Two months before the American Jazz Museum bounced checks to artists, it spent how much on a Learjet flight?
The conversation over what to do about Kansas City’s ailing American Jazz Museum shifted into a more dramatic key yesterday, when Councilman Jermaine Reed introduced an ordinance that would give the city — the Parks and Recreation Department, specifically — oversight of the museum and its assets.
The AJM’s staff and board of directors manage the museum, the Blue Room and the Gem Theater. But the city owns the collections inside the museum and the assets of the Blue Room and the Gem. The facilities are also city-owned. And city taxpayers pay roughly half a million dollars a year toward operations and maintenance of the AJM.
Under Reed’s plan, the city would throw another $225,000 at the AJM to keep it afloat through next spring. And a task force would be convened to figure out a strategic plan for the AJM.
“It is clear business as usual will not suffice,” Reed, who has already announced his candidacy for mayor in 2019, said yesterday a statement. “The Board of Parks and Recreation Commissioners has a long history of full collaboration with neighborhood groups and business leaders in managing certain City-owned assets and tourist sites such as the Kansas City Zoo, the Liberty Memorial, Starlight Theatre and the Kansas City Museum.”
When Reed says “business as usual,” he’s referring to the estimated $1 million in debt the AJM has accrued under the watch of Executive Director Cheptoo Kositany-Buckner, who was appointed to lead the organization in January 2016. Much has been written about this year’s Jazz and Heritage Festival, which stumbled out of the gate by rushing its announcement that Janelle Monae would headline the event. This came as news to Monae, who had not committed to appear and ultimately did not perform at the fest. A rainy weekend and a low marketing budget (just $35,000) compounded the problems. In the end, the festival lost $450,000. Bounced checks to performers and vendors ensued. The debacle required a city bailout — an advance of more than $100,000 from next year’s budget — and an extension of the AJM’s credit line.
Such missteps have consequences: A few weeks ago, the AJM laid off three longtime staffers.
But the dire financial straits the AJM has found itself in are not alone the result of an overambitious festival. An invoice obtained by The Pitch shows that, in April of this year, the AJM paid $18,000 to fly pianist and Late Show With Stephen Colbert bandleader Jon Batiste to Kansas City to receive the AJM’s 2017 Lifetime Achievement Award.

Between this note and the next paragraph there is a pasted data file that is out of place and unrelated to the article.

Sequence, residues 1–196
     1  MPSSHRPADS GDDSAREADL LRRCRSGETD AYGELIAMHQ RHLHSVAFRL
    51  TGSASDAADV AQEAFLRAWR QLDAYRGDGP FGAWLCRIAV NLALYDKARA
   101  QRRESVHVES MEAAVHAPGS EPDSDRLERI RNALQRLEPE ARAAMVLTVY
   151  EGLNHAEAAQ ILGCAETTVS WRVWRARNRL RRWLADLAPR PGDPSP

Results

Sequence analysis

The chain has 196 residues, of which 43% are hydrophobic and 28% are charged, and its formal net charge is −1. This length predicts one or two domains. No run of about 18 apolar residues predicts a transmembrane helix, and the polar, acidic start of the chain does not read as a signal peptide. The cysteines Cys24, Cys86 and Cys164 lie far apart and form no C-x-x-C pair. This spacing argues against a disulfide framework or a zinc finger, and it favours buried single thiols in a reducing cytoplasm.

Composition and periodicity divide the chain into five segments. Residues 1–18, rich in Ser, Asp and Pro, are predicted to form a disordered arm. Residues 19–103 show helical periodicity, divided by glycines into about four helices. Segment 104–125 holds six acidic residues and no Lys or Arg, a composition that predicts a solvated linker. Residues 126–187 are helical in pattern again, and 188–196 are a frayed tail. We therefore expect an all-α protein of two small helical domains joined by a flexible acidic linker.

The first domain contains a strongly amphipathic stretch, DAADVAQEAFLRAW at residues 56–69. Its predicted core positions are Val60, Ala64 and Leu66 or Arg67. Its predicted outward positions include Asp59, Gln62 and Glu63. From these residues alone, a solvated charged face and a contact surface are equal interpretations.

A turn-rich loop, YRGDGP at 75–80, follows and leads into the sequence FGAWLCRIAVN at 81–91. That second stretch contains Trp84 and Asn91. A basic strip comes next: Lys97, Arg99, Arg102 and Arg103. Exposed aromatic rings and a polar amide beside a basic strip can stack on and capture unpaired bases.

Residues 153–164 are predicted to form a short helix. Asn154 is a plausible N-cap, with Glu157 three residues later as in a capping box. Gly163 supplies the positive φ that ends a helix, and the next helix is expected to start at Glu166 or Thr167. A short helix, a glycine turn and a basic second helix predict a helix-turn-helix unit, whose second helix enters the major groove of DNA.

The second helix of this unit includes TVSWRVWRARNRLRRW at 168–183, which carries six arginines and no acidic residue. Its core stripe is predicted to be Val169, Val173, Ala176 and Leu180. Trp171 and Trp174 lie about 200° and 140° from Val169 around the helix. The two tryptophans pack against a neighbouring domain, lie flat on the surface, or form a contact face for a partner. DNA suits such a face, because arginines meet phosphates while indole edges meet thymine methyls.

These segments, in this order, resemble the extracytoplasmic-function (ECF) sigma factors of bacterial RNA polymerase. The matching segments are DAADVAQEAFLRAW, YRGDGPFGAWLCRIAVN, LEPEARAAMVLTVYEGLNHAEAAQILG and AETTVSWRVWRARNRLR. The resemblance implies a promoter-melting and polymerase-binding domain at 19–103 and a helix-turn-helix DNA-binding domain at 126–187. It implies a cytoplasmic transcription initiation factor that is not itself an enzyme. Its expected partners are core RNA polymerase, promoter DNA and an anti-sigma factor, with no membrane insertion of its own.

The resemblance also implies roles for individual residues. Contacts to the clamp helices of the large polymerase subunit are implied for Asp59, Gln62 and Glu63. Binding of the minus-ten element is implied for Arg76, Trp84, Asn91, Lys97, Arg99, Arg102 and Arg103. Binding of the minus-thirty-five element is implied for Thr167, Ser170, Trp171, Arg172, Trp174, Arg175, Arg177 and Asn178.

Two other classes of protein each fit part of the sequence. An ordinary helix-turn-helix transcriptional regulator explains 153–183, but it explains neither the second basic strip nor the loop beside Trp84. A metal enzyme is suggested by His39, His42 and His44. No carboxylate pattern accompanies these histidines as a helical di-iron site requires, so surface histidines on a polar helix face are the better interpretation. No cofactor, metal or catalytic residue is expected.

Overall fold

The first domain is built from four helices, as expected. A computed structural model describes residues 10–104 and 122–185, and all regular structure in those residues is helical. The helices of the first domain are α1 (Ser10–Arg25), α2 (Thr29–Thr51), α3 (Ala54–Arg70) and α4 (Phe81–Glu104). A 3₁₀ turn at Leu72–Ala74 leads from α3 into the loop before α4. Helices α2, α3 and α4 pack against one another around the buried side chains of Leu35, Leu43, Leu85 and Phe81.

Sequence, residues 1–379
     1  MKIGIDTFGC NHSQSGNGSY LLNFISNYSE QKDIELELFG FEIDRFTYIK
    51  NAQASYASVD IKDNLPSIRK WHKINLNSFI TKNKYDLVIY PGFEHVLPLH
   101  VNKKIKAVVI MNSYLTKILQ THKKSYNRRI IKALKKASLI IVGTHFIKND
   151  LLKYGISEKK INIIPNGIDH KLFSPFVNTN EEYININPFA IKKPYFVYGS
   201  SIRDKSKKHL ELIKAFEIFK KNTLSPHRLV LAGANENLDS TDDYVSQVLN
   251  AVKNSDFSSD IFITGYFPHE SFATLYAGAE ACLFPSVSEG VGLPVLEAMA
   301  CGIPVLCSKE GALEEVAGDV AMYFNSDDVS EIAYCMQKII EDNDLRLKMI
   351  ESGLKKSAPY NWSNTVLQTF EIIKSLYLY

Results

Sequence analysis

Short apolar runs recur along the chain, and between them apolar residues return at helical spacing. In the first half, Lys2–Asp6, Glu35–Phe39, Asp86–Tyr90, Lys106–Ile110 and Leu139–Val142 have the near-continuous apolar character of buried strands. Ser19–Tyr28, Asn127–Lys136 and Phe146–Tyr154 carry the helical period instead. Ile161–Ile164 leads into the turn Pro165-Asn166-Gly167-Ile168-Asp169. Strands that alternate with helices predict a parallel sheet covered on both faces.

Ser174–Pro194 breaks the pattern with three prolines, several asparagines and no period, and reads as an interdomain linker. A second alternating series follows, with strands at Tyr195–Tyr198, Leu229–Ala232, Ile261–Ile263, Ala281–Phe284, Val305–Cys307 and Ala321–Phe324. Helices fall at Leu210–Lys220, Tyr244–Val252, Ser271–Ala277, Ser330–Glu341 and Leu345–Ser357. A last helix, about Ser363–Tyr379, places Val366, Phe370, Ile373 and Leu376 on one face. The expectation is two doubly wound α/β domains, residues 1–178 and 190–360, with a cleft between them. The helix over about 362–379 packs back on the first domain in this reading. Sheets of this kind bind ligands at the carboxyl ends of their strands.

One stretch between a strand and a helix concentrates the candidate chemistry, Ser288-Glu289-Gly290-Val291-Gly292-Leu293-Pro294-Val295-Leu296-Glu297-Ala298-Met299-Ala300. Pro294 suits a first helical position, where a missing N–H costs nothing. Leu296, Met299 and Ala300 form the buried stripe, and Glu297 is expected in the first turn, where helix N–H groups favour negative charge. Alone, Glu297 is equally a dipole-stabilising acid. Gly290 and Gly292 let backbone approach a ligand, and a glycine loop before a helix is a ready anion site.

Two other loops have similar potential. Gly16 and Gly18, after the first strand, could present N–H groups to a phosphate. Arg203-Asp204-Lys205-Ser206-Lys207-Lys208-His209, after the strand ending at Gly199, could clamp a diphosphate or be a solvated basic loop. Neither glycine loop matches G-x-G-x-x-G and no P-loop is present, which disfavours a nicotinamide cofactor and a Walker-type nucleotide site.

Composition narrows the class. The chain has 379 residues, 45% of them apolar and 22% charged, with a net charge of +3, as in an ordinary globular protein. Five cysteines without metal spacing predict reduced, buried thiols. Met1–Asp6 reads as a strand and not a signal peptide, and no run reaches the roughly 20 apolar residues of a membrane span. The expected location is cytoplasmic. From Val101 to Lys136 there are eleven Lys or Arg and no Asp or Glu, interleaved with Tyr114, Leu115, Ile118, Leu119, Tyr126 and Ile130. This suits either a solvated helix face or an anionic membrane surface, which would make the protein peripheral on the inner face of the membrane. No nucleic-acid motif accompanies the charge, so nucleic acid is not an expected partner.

I asked Kositany-Buckner today if she considered that amount a wasteful allocation of resources.
“There is no doubt that this was an unusual expenditure and the first of its kind in the history of the AJM,” Kositany-Buckner wrote in an email. “At the time, AJM had to make an immediate judgment call on whether to cancel the Lifetime Achievement Award for the first time since the tradition began in 2005 or move forward.”
She continued: “The circumstances were that Mr. Batiste’s commercial flight was canceled due to weather, and there was the promise of an AJM funding sponsor to cover the cost of the chartered flight.”
So the museum picked up the tab for a Learjet so Batiste could make it to the show. He went home on a commercial flight. But the Learjet money promised by the funding sponsor never arrived, and the AJM swallowed the cost whole.
“In the end, the donation fell through, however, the presence of Jon Batiste as a part of the legacy of 18th & Vine provided the city with a great opportunity to continue to expand our jazz heritage,” Kositany-Buckner wrote.
Kositany-Buckner said she supports the city takeover. She writes: “[The AJM] needs this new home and grounding of the Parks Department to reassure a wary public that we can be trusted not to indulge our well-meaning though ultimately imprudent instincts,” she said. “We will continue in this work to make the difficult and necessary changes — involving artists and musicians, museum professionals, historians, civic leaders, and others — to reinvent ourselves and become what in our heart of hearts we know we can be.”
I asked Reed this afternoon about the structure of the AJM if it indeed came under the management of the Parks department. What role would Kositany-Buckner have in such an arrangement? What would happen to the remaining AJM staff? What about the board of directors?
“We will know more as the city and the new task force completes the discovery phase with respect to the ongoing management of the city assets from and after May 1, 2018 [the date management of AJM is proposed to be transferred to the Parks department],” Reed said in an email. “I hesitate to speculate what may come about for the board, staff, and executive director in the meantime and before the discovery phase is complete. We have much learning to do and analysis to conduct.”